Roman Patočka is one of the best Czech violin virtuosos. Every time I performed with him, his approach to music was full of natural feeling, sovereign playing technique, and infectious musicality. The spark and flair of his playing, as well as his passion and tenderness in the depths of music, make his violin art purely joyful. Roman has also a very broad repertoire in which neither any important pieces of the traditional solo literature nor less frequently played but excellent works are missing. On top of that all, it is personally a great joy to collaborate with him.
Roman Patočka has an excellent technique and a beautiful tone. He is a splendid interpreter, not only of Czech music but also of the world repertoire. I am sure that he has a great career ahead of him.
Called a ‘most talented violin virtuoso,’ Roman Patočka’s colourful musicality and bravura technique make him a prominent figure among the young soloists of his generation—a talent that has captivated audiences worldwide.
After completing studies at Prague Conservatory with Dagmar Zárubová and at Prague’s Academy of Performing Arts, studying under Ivan Štraus, Patočka continued his studies abroad—first in Utrecht with Keiko Wataya, and later in Lübeck with Shmuel Ashkenasi. In 2009, he received his Masters from the Musikhochschule Hanns Eisler in Berlin as a student of Stefan Picard.
Patočka has performed extensively with some of today’s most renowned musicians. He was a participant of the International Musical Academy in Montpellier, as well as the Keshet Eilon Music Centre festival in Israel. Other appearances have included the Ravinia Festival’s Steans Institute in Chicago, and the International Summer Academy in Semmering, Austria. His love of chamber music led to masterclasses with luminaries such as Ruggiero Ricci, Stephen Shipps, Hagai Shaham, Ida Haendel, Georgy Pauk, Vadim Gluzman, Gidon Kremer, Daniel Barenboim and Menahem Pressler.
Patočka’s talent and raw musicality have been recognized worldwide. In 2003, he was awarded second prize with four special awards at the Prague Spring Competition, and in 2004 was awarded the Yamaha Scholarship and became laureate of the International Competition of Václav Huml in Zagreb. Three years later, Patočka earned second prize at the Max Rostal International Competition in Berlin, and third prize at the International Pablo de Sarasate Violin Competition in Pamplona. In 2009, he was awarded third prize with two special awards at the esteemed Leopold Mozart International Violin Competition in Augsburg.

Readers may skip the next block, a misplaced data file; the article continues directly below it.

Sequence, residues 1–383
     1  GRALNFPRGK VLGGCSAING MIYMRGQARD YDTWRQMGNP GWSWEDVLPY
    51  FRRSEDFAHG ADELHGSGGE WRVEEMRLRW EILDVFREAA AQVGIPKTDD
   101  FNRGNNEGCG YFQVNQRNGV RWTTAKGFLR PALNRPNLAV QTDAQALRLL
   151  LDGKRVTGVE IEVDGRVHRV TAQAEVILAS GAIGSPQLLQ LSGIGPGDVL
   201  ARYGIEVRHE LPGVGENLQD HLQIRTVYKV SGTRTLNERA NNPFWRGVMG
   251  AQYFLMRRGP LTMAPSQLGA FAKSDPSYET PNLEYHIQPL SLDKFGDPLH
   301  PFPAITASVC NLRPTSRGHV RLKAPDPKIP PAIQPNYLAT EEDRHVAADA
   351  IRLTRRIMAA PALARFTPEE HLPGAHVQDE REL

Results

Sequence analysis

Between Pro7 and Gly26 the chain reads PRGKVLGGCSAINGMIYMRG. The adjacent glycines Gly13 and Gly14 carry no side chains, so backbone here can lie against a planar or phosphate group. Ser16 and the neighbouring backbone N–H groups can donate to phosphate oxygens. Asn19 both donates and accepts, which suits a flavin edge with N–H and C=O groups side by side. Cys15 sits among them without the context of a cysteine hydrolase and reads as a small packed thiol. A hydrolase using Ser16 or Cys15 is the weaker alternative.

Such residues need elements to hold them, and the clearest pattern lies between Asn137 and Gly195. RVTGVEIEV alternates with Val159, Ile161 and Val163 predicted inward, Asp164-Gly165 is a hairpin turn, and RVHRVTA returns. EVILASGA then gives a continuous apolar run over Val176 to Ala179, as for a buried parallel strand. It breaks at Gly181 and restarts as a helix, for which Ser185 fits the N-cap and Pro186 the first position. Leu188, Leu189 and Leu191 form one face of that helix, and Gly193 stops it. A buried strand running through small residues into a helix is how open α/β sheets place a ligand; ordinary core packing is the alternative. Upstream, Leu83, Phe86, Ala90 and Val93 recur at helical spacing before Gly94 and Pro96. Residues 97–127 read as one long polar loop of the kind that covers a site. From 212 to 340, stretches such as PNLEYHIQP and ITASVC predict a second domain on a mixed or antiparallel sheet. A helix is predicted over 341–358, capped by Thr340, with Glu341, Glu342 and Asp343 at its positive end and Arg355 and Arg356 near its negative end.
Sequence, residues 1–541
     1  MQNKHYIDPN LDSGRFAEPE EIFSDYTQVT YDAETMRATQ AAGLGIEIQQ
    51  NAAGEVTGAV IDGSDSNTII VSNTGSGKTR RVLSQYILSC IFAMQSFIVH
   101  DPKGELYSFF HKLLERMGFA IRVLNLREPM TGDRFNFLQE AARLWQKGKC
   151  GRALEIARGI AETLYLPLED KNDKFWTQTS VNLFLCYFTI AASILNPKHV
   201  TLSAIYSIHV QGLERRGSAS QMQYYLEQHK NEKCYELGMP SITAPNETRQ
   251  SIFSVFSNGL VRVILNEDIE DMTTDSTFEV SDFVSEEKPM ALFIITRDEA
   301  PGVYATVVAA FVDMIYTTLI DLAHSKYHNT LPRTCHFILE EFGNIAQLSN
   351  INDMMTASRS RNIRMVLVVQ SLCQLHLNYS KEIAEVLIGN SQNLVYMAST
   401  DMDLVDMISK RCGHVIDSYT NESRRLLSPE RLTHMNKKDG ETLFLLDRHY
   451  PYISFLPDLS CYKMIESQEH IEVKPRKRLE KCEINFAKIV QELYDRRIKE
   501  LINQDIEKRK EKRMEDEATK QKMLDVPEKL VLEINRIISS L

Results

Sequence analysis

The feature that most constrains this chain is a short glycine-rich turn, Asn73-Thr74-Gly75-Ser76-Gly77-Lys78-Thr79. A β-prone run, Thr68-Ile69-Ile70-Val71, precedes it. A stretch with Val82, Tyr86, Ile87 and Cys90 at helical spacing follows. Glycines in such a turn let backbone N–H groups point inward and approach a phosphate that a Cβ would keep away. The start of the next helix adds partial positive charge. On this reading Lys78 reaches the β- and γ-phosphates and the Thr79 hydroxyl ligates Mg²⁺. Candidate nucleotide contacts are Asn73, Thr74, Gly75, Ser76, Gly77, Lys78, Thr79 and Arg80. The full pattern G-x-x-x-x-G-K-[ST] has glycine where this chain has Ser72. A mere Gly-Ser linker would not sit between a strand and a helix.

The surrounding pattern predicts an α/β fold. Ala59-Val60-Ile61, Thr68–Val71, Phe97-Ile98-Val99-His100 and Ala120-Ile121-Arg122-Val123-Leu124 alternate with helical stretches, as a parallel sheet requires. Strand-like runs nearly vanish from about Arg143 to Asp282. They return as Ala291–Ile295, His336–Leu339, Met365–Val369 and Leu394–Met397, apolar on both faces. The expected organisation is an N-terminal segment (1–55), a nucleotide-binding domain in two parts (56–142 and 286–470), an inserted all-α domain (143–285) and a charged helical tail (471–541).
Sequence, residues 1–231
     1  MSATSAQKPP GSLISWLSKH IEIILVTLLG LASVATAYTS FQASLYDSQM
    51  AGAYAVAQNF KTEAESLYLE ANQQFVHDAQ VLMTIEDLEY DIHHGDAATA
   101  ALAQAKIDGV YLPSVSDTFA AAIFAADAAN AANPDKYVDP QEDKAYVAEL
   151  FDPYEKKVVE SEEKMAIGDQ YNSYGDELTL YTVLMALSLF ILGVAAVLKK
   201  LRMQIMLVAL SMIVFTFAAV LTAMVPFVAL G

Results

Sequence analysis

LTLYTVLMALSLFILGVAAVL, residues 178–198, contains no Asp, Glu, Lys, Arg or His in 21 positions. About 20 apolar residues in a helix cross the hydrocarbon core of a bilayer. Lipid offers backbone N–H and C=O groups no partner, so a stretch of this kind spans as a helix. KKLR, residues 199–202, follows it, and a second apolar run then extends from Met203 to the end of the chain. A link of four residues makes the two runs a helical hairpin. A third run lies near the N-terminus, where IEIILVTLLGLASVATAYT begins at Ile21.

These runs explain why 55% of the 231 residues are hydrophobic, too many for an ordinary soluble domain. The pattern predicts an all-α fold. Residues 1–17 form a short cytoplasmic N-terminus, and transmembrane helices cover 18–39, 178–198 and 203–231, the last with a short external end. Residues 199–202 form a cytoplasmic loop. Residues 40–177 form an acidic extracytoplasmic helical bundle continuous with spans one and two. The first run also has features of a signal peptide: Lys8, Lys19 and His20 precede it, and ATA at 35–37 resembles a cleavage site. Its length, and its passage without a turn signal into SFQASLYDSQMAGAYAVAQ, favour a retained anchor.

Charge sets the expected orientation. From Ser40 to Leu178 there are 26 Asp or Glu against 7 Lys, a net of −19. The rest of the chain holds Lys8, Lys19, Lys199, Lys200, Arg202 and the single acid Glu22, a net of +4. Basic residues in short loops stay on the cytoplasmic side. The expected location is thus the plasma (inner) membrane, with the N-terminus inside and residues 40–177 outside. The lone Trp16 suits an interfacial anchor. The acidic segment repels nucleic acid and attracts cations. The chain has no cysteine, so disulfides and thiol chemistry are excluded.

As a soloist, Roman Patočka has performed with orchestras in the Czech Republic and beyond—including the Münchner Rundfunkorchester, the Hamburger Symphoniker, the Tiroler Symphonie Orchester Innsbruck, the Filharmonie Nagoya, La Orquesta Sinfónica de Navarra, the Zagreb Philharmonic Orchestra, the Thailand Philharmonic Orchestra, the Czech Radio Symphonic Orchestra, and the Prague Philharmonia—under the baton of conductors Jiří Bělohlávek, Zdeněk Mácal, Vladimír Válek, Jakub Hrůša, Douglas Bostock, Heiko Mathias Forster, Yoko Matsuo, and Georg Fritzsch. In 2004, Patočka performed Leoš Janáček’s little-known concerto The Wandering of a Little Soul with Sir Charles Mackerras and the Brno Philharmonic Orchestra. That same year, he had the special privilege of premiering Bohuslav Martinů’s Czech Rhapsody for violin and orchestra with the Chamber Orchestra Berg.
In 2014 he premiered Adam Skoumal’s Concerto for Violin and Orchestra at the Prague Spring 69 International Music Festival, and in 2015 made an acclaimed debut performance with the Czech Philharmonic Orchestra, performing Concerto for Violin and Orchestra by Jan Hanuš.
As a chamber musician, Roman Patočka has performed with some of today’s most important Czech musicians—including Radek Baborák, Martin Kasík, and Igor Ardašev—as well as internationally recognized musicians such as Daishin Kashimoto, Jennifer Frautschi, Lara St. John, Chloë Hanslip, Konstantin Lifschitz, José Gallardo, Maciej Pikulski and Roberto Giordano. He represented the Czech Republic at the international exhibition EXPO 2005 in Aichi, Japan, and has performed chamber music around Europe at festivals such as Les Heures Romantiques au Pays de Monthodon and the Festival Pablo Casals in France. Other performances have included the Lange Nacht der Musik in Vienna, Les Journées Romantiques du Vaisseau Fantôme in Paris, the Shafran Festival at the Waldenburg Castle, the Chopin Festival in Mariánské Lázně, and the Prague Spring Festivals, among countless others. Patočka is a member of both the celebrated Talich Quartet and the Eben Trio.
Roman Patočka’s recordings have appeared on Czech Radio, BBC Radio 3, ORF, Radio 4 Netherlands, Romanian Radio, and Japanese TV NHK. In 2006, he recorded a CD of music by Beethoven, Suk, Dvořák, and Bartók with pianist Frédéric Lagarde. He also appears on recordings with the Talich Quartet and the Eben Trio. Most recently, he recorded a CD of violin concertos by František Benda with the Prague Chamber Orchestra.